Yoga & Mobility Training2018-12-11T11:17:46+00:00

A perfect harmony of


Retreat to Amorgos



The next generation of Yoga Teachers must build on the practices and theories of Hatha Yoga and Modern Yoga Masters by integrating the body of current research with their own personal expertise and the needs and abilities of their students. The aim of this course is not to “throw the baby out with the bath water” but to build upon the findings of ancient yogis; to address the challenges of teaching Yoga as it’s currently practiced; and to explore implementing current research and drawing from other modalities to arm teachers with the most effective tools for mind-body training.

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Patanjali Never Said Anything About Stretching

In the Yoga Sutras Patanjali states the aim of yoga asana is to cultivate the physical qualities of steadiness and ease. And as with all scientific fields, as research changes, so to do the methods. Yoga has been resistant to changing the classical forms and models however I would argue that adapting what we do to implement new information and better techniques falls closer in line with the intention of yoga practice and will lead to greater sustainability and accessibility. With Yoga’s increased popularity and subsequent rise in research showing major injuries long term yoga practitioners are experiencing it has become increasing important for yoga teachers to consider how they will teach the practice moving forward. While asana maybe only one limb of the yoga philosophy it has become the medium that the majority of modern practitioners use. Why sacrifice all the benefit mental and nervous system benefits that yoga provides on a physical system that does not adapt even when it is clear that it can be improved. This is precisely what this course aim to do.


What we don’t need more of from Yoga Trainings:

  • We don’t need a reactionary approach to criticism of the Yoga systems where everything is now dangerous for everyone.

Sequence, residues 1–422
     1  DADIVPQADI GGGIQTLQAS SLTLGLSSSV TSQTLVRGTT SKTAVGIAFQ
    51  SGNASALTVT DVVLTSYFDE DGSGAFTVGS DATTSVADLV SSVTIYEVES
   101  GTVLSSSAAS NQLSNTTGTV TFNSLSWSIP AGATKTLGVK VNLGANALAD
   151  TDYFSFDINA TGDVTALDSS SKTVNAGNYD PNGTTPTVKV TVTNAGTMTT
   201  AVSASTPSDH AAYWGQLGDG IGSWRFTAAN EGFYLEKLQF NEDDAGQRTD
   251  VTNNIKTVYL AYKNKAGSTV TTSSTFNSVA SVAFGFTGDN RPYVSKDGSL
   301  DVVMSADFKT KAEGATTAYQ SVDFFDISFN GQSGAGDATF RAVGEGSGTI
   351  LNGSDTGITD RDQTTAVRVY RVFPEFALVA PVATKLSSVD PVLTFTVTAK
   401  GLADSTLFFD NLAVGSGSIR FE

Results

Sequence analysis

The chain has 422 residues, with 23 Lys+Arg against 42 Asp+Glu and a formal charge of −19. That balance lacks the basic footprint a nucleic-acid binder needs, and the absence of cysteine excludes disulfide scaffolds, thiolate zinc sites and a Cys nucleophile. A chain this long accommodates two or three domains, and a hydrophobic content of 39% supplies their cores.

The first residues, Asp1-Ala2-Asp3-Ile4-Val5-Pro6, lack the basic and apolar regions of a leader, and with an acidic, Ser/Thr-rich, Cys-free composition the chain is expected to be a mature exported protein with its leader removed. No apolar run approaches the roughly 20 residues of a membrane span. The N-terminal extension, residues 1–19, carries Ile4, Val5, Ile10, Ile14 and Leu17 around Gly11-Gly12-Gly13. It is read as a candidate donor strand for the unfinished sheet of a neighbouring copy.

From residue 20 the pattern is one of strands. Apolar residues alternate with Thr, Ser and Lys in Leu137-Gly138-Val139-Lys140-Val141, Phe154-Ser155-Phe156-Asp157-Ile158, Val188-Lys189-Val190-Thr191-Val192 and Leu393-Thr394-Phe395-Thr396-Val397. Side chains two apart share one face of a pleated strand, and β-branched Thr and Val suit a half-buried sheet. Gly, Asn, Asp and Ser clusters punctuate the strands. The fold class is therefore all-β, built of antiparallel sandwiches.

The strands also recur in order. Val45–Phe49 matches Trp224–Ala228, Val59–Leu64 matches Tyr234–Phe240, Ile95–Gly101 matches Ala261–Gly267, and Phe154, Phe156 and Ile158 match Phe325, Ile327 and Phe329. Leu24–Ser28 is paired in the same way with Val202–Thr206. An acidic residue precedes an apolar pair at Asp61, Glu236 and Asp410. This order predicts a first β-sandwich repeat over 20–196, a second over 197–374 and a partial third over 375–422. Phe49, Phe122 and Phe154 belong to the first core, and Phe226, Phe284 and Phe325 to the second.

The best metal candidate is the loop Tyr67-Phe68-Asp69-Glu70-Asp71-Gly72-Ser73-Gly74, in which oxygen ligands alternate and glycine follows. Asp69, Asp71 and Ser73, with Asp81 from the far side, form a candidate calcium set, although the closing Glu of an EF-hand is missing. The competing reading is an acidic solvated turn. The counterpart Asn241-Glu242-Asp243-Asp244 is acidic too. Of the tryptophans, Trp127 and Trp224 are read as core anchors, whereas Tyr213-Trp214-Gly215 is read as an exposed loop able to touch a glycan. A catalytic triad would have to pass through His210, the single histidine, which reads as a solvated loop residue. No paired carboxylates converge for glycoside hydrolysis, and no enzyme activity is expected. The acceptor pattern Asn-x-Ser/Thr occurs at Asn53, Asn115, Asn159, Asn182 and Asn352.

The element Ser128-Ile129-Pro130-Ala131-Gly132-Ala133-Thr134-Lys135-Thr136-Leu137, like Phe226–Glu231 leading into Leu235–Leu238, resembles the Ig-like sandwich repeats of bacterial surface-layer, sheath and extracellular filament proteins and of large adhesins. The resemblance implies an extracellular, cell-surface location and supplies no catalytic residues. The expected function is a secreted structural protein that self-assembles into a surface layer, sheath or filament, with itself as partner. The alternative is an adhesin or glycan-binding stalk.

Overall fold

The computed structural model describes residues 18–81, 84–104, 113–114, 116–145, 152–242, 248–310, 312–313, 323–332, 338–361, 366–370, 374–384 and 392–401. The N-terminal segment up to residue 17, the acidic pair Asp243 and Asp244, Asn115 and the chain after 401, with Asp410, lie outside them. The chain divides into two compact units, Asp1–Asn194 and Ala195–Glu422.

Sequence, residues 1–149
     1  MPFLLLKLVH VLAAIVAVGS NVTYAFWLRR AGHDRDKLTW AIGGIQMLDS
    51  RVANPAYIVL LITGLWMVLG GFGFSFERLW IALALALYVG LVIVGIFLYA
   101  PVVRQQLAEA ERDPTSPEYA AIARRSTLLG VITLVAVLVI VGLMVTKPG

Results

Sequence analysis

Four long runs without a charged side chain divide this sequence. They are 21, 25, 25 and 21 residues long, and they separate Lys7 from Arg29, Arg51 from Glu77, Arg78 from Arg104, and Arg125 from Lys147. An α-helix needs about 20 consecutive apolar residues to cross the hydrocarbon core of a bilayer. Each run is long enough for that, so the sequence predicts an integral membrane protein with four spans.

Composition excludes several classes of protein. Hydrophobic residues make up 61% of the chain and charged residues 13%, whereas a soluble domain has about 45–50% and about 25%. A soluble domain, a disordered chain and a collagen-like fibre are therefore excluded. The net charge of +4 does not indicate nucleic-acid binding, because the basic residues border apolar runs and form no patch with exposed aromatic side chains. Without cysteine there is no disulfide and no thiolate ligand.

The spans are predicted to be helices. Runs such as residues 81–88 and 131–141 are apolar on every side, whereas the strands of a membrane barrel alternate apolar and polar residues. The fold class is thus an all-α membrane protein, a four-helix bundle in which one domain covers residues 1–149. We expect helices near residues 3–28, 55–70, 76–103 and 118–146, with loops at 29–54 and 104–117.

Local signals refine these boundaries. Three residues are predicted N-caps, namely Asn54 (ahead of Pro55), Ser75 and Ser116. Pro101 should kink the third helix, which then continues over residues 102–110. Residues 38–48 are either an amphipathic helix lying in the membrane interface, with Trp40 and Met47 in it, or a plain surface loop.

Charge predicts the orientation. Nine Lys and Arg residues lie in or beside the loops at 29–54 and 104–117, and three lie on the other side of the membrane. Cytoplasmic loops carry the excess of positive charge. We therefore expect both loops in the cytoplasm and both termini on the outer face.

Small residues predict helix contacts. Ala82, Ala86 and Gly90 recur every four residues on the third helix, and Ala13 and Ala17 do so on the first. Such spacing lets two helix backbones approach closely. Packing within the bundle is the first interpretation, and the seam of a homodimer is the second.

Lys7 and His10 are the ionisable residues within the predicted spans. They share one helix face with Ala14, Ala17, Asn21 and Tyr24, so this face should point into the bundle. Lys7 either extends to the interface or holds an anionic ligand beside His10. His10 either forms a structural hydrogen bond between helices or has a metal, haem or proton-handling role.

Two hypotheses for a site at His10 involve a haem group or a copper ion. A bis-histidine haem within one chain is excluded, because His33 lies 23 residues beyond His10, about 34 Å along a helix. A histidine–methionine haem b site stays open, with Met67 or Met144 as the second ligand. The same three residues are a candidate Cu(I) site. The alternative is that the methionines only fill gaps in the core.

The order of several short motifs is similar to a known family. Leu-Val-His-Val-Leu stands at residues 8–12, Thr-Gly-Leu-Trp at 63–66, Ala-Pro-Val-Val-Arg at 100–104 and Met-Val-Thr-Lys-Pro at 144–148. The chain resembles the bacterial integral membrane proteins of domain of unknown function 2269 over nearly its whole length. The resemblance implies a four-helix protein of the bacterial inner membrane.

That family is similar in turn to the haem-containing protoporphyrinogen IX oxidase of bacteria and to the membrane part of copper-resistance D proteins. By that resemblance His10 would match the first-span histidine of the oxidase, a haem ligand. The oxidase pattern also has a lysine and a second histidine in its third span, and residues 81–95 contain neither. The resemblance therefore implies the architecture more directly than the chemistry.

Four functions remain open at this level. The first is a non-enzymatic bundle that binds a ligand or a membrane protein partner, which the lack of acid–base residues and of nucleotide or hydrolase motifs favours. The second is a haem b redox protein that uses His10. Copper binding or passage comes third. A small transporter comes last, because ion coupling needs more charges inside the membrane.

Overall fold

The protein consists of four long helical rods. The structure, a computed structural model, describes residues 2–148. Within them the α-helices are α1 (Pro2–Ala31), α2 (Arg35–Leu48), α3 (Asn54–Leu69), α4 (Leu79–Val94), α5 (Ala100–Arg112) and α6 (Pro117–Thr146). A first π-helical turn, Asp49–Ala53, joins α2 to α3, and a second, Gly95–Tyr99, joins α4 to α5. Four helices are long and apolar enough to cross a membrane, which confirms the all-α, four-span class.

• We don’t need to abandon active yoga practices in favour of yin and restorative yoga because the modern body is weak and immobile. It is more important than ever to teach students how to effectively address their weaknesses and blind spots? Isn’t this closer in line with the core intention of yoga practice?
  • We don’t need more answers. We need to learn to critically assess what we are asking our students to do and if it is leading them to our intended outcome. What is my highest intentions for them? Doing a perfect looking asanas like Warrior 2 or training our bodies to be strong and intelligent in ranges that are useful to our students in everyday life.
  • More technical cues and intellectual language. Don’t we want our students to discover their own nature? Can they do that if we’re telling them what to do in a language they don’t understand? This course will provide you with solutions beyond turning your class into an unrecognisable group physical therapy session. We explore what is working, what’s not, how to get to the essence of your teaching methodology and how to deliver it in a digestible way that makes the work active, engaging, exploratory, educational and fun.

The Next Generation Yoga Teacher is Open For Registration. Enrollment will close NOVEMEBER 25TH and the program begins DECEMBER 1ST.

  • 30+ hours of video content.
  • 2 hr Live interactive webinars twice per month with readings, tasked based homework and self inquiry into the topic of focus:
  • All sessions are recorded and viewable anytime, anywhere, no expirations
  • A passionate Facebook community of problem solving teachers where you can share your ideas and get feedback from folks that care
  • Included my 3 month course on Foundations of True Mobility ($150 value)

Key components of this program that are often missing from yoga trainings:

  • assessment protocol – how do you know what’s safe for you students? How can you effectively assess a room of 20 individuals? If you can’t assess them can you teach them?
  • The science of stretching – what does stretching actually do to our bodies? Different types of stretching – passive stretching, active stretching, loaded progressive stretching, PNF stretching. When to, how to and why to use them?
  • Stretching vs mobility training. Bulletproof your joints and your students joints. Learn FRC principles – how to implement CARS, PAILS, RAILS to create a strong human frame 
  • Strength training protocols – Progressive overload, hypertrophy, rest.
  • Understanding injuries – according  
  • Nervous system fluency – what were yogis trying to achieve in regards to the control of the nervous system? How can we use our understanding of the nervous system to train students minds and bodies. 
  • Mind science – how to different individual learn? How can we train students more efficiently and lead them to their own insights. How do we as teachers lead from the front with clear our own narrative structure so that we can focus completely on our students.
  • Design classes based on precise principle that allow you to adapt to any student.
  • Cuing – let’s evolve from rote cues or overly technical, absolute language. Learn to say less with greater potency. Learn how to give your students space to explore and grow.
  • What’s working about the yoga practice? Let’s start there. Why are people showing up? What are they coming back? Why did you want to teach in the first place? What are some promises of the modern yoga practices? What are some of the common belief structures? How did they arise and why are they so difficult to break?